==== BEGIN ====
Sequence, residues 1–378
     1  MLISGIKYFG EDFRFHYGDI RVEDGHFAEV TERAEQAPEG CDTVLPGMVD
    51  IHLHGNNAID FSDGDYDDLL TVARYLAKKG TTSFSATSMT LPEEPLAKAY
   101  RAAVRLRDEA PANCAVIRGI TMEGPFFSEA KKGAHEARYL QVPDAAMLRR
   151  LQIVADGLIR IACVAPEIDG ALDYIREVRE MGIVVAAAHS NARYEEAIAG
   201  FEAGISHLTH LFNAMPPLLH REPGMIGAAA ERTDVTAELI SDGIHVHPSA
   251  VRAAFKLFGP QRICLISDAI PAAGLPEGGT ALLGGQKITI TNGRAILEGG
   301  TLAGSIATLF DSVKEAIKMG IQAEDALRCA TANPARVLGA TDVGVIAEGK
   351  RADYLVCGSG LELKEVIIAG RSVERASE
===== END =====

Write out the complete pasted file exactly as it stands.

Sequence, residues 1–378
     1  MLISGIKYFG EDFRFHYGDI RVEDGHFAEV TERAEQAPEG CDTVLPGMVD
    51  IHLHGNNAID FSDGDYDDLL TVARYLAKKG TTSFSATSMT LPEEPLAKAY
   101  RAAVRLRDEA PANCAVIRGI TMEGPFFSEA KKGAHEARYL QVPDAAMLRR
   151  LQIVADGLIR IACVAPEIDG ALDYIREVRE MGIVVAAAHS NARYEEAIAG
   201  FEAGISHLTH LFNAMPPLLH REPGMIGAAA ERTDVTAELI SDGIHVHPSA
   251  VRAAFKLFGP QRICLISDAI PAAGLPEGGT ALLGGQKITI TNGRAILEGG
   301  TLAGSIATLF DSVKEAIKMG IQAEDALRCA TANPARVLGA TDVGVIAEGK
   351  RADYLVCGSG LELKEVIIAG RSVERASE